Blossom Hill Foundation Spotlight: Natalie Chaudhuri, Marketing Intern

Natalie Chaudhuri
Natalie Chaudhuri

Natalie Chaudhuri, a former Marketing Intern at the Blossom Hill Foundation (BHF), is currently pursuing her Bachelor’s degree, specializing in Africa and Latin America at the School of Foreign Service at Georgetown University. Natalie is an Undergraduate Research Assistant in the African Studies Department, Chair at March For Our Lives, President of Georgetown’s Creating Writing Club, and a Research Intern at MJ for Texas.

Natalie graciously responded to some questions by email about her internship experience at BHF.

How did you find out about the Blossom Hill Foundation?

A friend of mine is from New Canaan, where Blossom Hill is based. When she saw Blossom Hill’s call for interns, she immediately thought of me, because she knew that I was incredibly passionate about refugee advocacy and rights.

What is an average day like as an intern?

The average day was particularly interesting with being virtual. The organization was incredibly receptive and supportive to ideas that I had, so there was a mix of visual art for the social media posts and research about refugee conditions, as well as support I could provide to help with one of BH’s fundraising projects, since BH is a nonprofit. Another typical element was the weekly check-ins I had with the staff, which really made me feel like part of the community and helped with some of the disconnection that being virtual can incur.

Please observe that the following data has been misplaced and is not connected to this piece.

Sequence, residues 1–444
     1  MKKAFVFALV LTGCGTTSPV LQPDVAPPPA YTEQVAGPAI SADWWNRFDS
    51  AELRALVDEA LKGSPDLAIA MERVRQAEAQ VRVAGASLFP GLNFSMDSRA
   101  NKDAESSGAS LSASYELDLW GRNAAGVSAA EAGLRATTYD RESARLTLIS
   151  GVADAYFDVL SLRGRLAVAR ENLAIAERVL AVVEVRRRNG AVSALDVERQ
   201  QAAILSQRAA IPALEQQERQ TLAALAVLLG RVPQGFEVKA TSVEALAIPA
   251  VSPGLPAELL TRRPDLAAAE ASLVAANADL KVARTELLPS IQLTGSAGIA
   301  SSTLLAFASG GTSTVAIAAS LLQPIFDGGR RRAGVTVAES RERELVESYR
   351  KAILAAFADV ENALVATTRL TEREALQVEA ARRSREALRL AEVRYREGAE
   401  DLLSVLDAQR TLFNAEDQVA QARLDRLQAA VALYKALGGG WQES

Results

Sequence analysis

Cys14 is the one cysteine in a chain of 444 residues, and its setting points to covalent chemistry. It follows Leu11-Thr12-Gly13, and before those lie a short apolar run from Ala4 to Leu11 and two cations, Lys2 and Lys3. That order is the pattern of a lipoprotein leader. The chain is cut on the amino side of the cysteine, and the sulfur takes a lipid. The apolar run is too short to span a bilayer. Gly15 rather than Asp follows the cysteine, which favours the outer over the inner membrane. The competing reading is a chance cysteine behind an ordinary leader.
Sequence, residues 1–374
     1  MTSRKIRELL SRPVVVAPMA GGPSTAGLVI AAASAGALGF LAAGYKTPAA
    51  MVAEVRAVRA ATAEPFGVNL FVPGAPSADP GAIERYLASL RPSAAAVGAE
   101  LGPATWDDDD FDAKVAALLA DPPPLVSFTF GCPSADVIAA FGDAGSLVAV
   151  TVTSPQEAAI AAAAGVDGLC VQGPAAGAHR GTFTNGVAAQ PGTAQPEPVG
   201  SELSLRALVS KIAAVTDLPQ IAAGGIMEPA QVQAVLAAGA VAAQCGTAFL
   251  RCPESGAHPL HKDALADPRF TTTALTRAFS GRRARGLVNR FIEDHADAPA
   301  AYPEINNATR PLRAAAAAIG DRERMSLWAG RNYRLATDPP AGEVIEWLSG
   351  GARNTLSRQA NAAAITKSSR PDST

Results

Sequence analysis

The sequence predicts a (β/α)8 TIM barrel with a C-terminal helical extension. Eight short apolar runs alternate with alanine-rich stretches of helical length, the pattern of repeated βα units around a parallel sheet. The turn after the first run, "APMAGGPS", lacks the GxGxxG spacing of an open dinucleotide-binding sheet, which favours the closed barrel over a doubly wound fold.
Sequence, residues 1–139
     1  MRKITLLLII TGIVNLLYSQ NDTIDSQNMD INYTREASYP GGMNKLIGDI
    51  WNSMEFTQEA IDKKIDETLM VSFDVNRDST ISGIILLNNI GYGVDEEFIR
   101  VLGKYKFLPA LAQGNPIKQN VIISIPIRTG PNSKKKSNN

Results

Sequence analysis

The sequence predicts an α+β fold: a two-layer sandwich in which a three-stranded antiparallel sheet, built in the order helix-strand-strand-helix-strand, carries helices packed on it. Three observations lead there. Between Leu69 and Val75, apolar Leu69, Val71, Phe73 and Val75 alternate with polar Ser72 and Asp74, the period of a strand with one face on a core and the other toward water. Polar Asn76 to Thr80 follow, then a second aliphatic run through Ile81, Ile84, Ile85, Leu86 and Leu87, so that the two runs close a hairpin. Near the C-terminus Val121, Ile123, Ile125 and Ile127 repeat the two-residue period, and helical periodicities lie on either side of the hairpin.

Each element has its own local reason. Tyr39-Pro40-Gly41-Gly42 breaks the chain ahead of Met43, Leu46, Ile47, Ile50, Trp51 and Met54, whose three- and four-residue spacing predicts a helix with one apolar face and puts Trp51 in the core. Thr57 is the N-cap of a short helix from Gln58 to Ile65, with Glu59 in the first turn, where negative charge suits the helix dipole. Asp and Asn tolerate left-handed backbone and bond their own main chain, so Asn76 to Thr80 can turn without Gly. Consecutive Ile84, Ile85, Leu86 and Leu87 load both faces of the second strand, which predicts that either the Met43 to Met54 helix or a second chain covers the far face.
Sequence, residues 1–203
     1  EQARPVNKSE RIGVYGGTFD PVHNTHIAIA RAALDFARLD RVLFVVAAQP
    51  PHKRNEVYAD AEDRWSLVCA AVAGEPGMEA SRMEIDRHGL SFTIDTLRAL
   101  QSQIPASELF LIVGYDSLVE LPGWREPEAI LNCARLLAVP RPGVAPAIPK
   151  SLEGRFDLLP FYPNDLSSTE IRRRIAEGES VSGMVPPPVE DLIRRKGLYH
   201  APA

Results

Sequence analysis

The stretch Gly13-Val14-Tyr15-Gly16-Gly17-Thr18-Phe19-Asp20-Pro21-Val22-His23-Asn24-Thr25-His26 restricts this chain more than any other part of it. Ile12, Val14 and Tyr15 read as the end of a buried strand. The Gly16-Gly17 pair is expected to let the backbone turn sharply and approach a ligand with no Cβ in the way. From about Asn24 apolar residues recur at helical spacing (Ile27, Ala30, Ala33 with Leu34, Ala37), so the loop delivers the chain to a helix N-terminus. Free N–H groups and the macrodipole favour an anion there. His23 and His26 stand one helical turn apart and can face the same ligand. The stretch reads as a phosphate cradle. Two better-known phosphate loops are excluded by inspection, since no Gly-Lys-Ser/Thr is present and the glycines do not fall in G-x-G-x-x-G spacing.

Is there anything you find interesting about BHF that maybe an outsider or someone who isn’t familiar should know? Or an interesting experience you’ve had where you gained an acute insight or awareness about the industry?

At first, I hadn’t realized that BH was directly helping refugees on the ground in the Middle East. Other refugee organizations that I’ve spent time with focus on helping those adjusting to living in the US, but the variety in programs that BH offers was incredible. I also found their breadth of educational opportunities to be incredibly innovative, such as the coding camps and art therapy-related workshops they sponsored.

Do you have any advice you could give if someone were to get a job at BHF?

One of the biggest pieces of advice I would give is to go above and beyond what your supervisor tells you to do. Especially with grassroots organizations, being creative about ideas and potential projects that you can start make a big difference. Young people are full of outreach ideas and instinctively know what works in a way they may not even realize. You miss every shot you don’t take, so I think pitching different ideas to the organization for projects you want to pioneer would be an effective way to make sure you’re making the most of your internship.

Are you interested in working for BHF as an intern? Apply for our internship placement program now or email us at

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